RED 88 - A LAST MINUTE BUCK!

Discussion in 'LUKE CLAYTON' started by Luke Clayton, Feb 8, 2008.

  1. Luke Clayton

    Luke Clayton New Member

    Messages:
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    State:
    Texas
    "RED 88 - A LAST MINUTE BUCK! " by Luke Clayton

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    Luke Clayton


    Many of you that follow college and pro football remember Mike Ford, the starting quarterback from Mesquite that played for SMU back in the seventies and later signed with Tampa Bay and the Cincinnati Bengals, finishing up his career with the San Antonio Gun Slingers in the USFL. These days, Mike is calling the shots for deer hunters rather than plays for a football team on his Rio Rojo Rancho in Red River County in northeast Texas, and he’s having the time of his life. I just returned from a late season hunt here for a management buck and came away with not only a nice buck but a homecoming of sorts.

    I harvested my first buck over forty years ago, about 10 miles as the crow flies, from the Rio Rojo Rancho near Bagwell on my Uncle Conner’s “back forty”. Back in the fifties and well into the sixties, deer numbers were low in our area of the state. I remember well coming home from school, loading my old Mossberg .410 shotgun with a rifled slug and heading to the woods behind our little farm in the Dimple community. Back in those days, I got excited when I saw a deer track. When I was lucky enough to occasionally sight a deer, buck or doe, my buddies and I were fueled with fodder for hours of ‘deer talk’. We didn’t have many deer to hunt in those days but we were all smitten with the deer hunting bug.

    My brother in law, Billy Joplin, took me to a ‘sure nuff’ deer camp when I was about eleven and after seeing a couple of big bucks hanging on the meat pole, I was hooked for life on the sport of deer hunting. Later I was lucky enough to spend more time with guys like Mike Ford’s uncle, John Earl Hawley who grew up hunting deer. John Earl has spent a lifetime in the woods ranching and logging and, of course, deer hunting and he can read sign as well as anyone I’ve ever hunted with, and as an outdoors writer the past quarter-century, I’ve had the privilege of hunting with some mighty knowledgeable hunters.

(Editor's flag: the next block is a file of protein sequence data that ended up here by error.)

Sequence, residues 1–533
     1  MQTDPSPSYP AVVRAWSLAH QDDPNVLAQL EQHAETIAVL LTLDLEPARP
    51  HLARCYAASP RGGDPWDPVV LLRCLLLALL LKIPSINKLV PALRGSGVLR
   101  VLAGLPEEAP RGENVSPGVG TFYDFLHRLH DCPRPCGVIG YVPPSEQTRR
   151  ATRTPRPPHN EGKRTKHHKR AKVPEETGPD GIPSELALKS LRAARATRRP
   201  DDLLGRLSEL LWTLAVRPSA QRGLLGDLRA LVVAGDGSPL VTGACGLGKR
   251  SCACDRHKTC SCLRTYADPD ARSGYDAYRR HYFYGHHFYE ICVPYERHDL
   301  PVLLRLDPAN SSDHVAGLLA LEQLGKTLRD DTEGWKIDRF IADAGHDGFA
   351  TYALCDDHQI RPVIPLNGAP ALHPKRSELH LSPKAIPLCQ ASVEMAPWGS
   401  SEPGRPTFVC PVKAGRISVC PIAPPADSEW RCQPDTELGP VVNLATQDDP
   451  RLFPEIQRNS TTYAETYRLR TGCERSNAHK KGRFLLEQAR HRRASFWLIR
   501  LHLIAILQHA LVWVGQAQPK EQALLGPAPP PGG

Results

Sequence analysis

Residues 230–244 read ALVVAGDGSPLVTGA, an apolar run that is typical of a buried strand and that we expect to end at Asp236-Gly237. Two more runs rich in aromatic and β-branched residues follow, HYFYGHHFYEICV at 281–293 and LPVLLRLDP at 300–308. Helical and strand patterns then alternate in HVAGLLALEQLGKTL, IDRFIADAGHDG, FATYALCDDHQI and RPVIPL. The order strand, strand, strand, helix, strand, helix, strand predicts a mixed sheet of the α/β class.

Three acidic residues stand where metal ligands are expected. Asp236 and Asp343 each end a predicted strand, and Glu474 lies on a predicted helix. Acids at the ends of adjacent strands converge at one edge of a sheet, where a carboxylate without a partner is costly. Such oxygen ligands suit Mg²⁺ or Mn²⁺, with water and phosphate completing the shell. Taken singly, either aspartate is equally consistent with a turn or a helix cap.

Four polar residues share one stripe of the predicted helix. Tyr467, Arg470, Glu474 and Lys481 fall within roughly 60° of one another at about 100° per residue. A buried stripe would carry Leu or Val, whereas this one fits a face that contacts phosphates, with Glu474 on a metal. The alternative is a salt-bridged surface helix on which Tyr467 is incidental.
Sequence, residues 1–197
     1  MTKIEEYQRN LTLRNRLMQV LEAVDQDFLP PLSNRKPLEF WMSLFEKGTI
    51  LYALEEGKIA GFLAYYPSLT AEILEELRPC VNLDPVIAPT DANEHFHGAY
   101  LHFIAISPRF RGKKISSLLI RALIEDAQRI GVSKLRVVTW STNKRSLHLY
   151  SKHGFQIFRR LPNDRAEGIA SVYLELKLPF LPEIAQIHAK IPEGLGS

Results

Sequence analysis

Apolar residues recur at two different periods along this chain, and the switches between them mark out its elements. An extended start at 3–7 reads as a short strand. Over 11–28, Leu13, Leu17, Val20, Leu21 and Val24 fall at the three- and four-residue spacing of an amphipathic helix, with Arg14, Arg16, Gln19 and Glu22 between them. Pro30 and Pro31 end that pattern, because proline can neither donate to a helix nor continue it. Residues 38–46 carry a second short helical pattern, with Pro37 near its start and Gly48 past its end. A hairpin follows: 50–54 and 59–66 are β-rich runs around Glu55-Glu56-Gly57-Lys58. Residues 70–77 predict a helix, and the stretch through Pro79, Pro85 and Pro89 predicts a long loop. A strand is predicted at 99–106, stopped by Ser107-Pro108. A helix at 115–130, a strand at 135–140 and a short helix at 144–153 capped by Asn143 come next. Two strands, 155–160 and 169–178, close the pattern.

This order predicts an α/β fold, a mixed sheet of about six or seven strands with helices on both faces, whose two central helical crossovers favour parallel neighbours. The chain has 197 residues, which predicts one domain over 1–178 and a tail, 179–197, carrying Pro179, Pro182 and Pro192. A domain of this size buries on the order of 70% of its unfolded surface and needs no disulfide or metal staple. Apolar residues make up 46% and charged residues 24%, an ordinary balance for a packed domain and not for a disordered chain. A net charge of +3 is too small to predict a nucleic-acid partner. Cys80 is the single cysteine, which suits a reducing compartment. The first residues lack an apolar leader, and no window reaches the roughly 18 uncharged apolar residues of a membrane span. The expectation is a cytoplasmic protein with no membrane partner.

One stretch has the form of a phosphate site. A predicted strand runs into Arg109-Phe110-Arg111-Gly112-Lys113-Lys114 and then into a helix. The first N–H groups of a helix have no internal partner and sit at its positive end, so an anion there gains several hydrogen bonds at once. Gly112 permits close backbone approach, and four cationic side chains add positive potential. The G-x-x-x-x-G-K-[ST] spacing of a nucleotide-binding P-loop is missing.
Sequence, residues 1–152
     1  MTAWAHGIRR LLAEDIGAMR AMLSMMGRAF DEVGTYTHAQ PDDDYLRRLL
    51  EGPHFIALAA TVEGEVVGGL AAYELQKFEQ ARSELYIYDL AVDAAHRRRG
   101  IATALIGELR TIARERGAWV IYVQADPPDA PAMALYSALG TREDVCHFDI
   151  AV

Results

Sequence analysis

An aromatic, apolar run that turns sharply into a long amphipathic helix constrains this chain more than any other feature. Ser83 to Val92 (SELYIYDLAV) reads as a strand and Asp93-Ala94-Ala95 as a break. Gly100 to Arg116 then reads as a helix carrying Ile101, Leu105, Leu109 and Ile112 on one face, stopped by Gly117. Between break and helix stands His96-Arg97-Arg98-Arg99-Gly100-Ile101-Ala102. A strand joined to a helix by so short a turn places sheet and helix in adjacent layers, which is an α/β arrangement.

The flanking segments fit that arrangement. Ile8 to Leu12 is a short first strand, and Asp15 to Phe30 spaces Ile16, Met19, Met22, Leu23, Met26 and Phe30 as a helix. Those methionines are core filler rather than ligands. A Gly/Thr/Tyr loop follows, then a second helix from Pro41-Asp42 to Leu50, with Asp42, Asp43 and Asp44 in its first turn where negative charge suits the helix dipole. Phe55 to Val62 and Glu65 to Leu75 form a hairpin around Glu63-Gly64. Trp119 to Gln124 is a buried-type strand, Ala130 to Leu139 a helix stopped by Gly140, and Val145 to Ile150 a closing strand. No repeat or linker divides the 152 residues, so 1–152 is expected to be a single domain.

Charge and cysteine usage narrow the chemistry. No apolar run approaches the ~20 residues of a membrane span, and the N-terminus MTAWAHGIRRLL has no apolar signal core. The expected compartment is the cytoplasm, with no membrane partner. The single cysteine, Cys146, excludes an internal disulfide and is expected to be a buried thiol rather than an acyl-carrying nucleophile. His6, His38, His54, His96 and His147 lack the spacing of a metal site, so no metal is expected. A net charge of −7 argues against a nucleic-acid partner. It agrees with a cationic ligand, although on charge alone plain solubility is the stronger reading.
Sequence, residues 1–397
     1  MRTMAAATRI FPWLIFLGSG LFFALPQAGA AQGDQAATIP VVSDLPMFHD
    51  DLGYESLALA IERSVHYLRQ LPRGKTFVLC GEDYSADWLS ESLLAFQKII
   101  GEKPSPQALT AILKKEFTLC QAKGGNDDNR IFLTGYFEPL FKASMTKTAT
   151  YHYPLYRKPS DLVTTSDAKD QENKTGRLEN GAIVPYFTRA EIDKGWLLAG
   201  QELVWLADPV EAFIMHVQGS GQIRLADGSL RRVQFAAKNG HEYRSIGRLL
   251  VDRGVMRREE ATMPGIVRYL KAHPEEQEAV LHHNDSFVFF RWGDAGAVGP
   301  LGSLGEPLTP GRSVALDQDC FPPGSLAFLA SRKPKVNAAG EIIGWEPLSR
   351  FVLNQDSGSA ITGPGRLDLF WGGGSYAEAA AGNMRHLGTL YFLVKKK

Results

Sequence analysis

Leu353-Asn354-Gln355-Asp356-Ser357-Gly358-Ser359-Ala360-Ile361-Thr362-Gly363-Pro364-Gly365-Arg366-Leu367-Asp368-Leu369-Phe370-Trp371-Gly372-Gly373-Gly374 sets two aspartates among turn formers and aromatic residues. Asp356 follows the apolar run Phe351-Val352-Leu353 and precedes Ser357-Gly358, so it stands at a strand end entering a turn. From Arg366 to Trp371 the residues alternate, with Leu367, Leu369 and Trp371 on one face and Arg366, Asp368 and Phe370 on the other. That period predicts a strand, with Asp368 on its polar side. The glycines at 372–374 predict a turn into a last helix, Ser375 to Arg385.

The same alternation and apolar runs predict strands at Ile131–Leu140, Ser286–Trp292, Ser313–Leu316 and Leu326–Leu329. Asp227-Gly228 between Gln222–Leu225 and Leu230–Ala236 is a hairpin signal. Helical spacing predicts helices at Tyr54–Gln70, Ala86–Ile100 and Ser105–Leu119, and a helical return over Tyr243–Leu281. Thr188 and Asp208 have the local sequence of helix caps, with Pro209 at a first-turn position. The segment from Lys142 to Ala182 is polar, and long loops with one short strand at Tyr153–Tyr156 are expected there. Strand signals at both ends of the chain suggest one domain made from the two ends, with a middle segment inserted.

Ford has his ranch under a Texas Parks and Wildlife Department (TPWD) management plan and the harvest quota for bucks and does is determined by the department. With a few management buck and doe tags still left to fill this season, my friend Bob Hood and I were invited up to enjoy a late season hunt.

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    Photo by Luke Clayton

    Our hunt coincided perfectly with the big cold front that pushed across the country last week. The rain stopped but the wind was still howling during the first afternoon hunt. Deer were up and moving late. I was hunting a ground blind situated on the edge of one of the plots and about ten minutes before dark, the field was covered up with deer. My goal was a management buck and in the low light conditions, I passed on several that probably would have qualified as shooters but I was unable to accurately determine the deer’s age and number of points. I also saw a couple of monsters that were most definitely not in the ‘management’ class. I was looking for an 8 point buck, four years old or better, that didn’t have the genetics to develop into a true trophy class animal. To my way of thinking, a heavy antlered 8 pointer is definitely a trophy but by today’s high standards of intense deer management, it’s those huge ten or twelve pointers that deer managers want on their ranches.